US and European brokers are expected to spend US$206 million in 2011 on new market surveillance programs, with spending expected to grow at a compound annual growth rate of 14% to US$268 million in 2013.
According to new analysis from research firm TABB Group, the costs are one result of the hundreds of laws yet to be written and rules to be implemented under the Dodd-Frank Act and MiFID II.
To comply with new regulations, spending on external solutions by sell-side firms is expected to grow from 28% in 2011 to 35% of total expenditure in 2013, as brokers leverage vendors' products to fit tight budgets and meet short timelines.
According to Miranda Mizen, principal and head of European research at TABB Group, who authored the report, ”Dynamic surveillance: Detection, prevention and deterrence', changes to market structure and new regulations mean conventional techniques need to be thrown out in favour of surveillance programs that match the markets' dynamism.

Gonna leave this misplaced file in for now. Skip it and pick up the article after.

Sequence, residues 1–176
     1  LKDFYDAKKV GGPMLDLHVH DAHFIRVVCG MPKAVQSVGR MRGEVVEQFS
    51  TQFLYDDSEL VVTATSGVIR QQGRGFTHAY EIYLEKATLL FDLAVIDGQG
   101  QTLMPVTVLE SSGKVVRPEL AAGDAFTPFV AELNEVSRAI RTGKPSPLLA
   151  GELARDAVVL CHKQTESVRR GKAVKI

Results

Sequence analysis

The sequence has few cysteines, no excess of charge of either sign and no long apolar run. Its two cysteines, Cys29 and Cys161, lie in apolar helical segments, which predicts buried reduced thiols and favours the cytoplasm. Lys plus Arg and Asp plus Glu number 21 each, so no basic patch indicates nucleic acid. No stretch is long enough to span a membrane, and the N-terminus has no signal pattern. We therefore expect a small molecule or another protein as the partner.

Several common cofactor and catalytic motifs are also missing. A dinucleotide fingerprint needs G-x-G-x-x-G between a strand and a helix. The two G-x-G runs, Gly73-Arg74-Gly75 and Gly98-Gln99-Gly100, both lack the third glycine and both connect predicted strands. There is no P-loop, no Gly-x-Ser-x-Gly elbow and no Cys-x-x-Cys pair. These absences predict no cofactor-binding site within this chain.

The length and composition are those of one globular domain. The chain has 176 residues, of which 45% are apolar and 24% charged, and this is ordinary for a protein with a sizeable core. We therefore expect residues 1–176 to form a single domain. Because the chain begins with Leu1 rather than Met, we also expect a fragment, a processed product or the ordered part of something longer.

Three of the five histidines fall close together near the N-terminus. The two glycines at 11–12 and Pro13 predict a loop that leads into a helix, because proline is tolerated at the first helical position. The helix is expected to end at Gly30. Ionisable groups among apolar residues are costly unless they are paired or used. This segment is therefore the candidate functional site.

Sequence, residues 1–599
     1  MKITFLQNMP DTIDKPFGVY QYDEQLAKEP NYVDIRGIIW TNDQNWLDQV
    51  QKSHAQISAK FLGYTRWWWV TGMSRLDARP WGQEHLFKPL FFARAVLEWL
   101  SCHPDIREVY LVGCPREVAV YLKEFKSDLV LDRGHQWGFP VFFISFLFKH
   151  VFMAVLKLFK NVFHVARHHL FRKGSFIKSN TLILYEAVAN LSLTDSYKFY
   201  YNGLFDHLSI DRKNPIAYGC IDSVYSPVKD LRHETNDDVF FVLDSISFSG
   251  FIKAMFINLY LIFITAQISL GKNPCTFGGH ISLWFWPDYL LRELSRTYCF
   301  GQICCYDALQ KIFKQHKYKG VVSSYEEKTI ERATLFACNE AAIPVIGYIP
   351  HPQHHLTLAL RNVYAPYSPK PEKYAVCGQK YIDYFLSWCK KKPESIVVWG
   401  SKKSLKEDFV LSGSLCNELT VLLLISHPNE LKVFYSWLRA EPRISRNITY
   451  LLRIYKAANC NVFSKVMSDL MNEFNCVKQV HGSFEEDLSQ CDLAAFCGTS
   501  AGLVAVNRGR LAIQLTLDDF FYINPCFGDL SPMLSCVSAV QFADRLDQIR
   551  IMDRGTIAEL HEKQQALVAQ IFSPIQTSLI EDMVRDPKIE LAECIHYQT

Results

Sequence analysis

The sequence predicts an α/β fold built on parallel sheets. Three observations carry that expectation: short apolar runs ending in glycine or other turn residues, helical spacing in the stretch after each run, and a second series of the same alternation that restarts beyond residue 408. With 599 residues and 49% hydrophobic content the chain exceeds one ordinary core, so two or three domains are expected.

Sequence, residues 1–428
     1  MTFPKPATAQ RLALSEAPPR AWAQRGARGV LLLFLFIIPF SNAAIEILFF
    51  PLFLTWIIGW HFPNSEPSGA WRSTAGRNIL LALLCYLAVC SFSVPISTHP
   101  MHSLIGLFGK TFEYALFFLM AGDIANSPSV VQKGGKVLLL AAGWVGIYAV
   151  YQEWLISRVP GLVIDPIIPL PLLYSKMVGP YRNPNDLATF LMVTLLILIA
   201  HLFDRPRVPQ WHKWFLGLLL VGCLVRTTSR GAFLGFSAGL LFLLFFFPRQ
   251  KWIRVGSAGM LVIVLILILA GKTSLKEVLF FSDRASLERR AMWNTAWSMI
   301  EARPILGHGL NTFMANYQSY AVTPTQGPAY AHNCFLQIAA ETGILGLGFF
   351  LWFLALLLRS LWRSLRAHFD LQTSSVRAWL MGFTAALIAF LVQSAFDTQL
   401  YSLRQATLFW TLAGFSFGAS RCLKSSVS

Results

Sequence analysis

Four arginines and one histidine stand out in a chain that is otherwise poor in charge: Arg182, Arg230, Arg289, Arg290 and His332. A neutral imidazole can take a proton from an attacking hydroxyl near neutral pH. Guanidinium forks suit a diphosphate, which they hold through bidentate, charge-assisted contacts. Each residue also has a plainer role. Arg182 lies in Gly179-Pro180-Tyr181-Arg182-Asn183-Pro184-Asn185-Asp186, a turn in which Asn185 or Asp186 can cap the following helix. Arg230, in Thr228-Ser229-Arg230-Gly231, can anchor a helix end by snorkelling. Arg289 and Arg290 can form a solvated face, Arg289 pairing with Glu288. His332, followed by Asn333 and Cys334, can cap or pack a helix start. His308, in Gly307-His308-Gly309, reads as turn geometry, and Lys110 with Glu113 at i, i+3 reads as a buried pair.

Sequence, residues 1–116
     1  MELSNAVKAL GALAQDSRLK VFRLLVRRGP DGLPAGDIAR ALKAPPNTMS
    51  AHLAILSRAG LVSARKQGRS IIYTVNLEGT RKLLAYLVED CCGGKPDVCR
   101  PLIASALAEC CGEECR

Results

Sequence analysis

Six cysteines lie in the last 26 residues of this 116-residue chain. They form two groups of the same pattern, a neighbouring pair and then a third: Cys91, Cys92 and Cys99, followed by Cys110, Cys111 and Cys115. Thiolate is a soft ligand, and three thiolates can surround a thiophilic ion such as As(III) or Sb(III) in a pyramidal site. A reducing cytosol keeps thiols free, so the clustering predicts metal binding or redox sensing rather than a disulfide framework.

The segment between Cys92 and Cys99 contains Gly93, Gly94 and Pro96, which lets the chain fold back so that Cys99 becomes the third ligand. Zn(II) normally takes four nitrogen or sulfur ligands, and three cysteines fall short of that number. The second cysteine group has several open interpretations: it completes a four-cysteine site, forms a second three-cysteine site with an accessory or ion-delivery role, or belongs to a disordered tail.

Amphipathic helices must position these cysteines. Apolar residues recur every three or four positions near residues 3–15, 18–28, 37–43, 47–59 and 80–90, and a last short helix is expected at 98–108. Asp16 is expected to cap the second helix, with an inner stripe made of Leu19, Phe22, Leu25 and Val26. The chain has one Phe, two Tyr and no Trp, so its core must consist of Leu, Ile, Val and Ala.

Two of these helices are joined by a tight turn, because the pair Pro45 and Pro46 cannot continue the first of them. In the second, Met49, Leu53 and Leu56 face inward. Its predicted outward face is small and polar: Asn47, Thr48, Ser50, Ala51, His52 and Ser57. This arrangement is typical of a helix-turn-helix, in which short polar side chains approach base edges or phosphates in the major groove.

“It falls on the brokers as the primary intermediary between investors and exchanges to assist regulators in making sure that market surveillance catches up to the real-time dynamics of the market,” she says. “Recent market abuse scandals and the 6 May flash crash have revealed there is a yawning divide between the way markets operate and the way they are actually being surveilled.”
By focusing on three key components of market surveillance – detection, prevention and deterrence – Mizen explains that brokers can gain real-time and historical analysis and oversight to detect anomalies; controls and processes to prevent errant order flow from reaching the markets by applying broker-owned risk controls; and real-time monitoring, control and, acting as deterrents, heavy penalties.
She writes, “Brokers are now facing serious regulatory changes across the US and European markets, with Asia not far behind. This time it's a major overhaul and because surveillance is critical, it is in the spotlight.”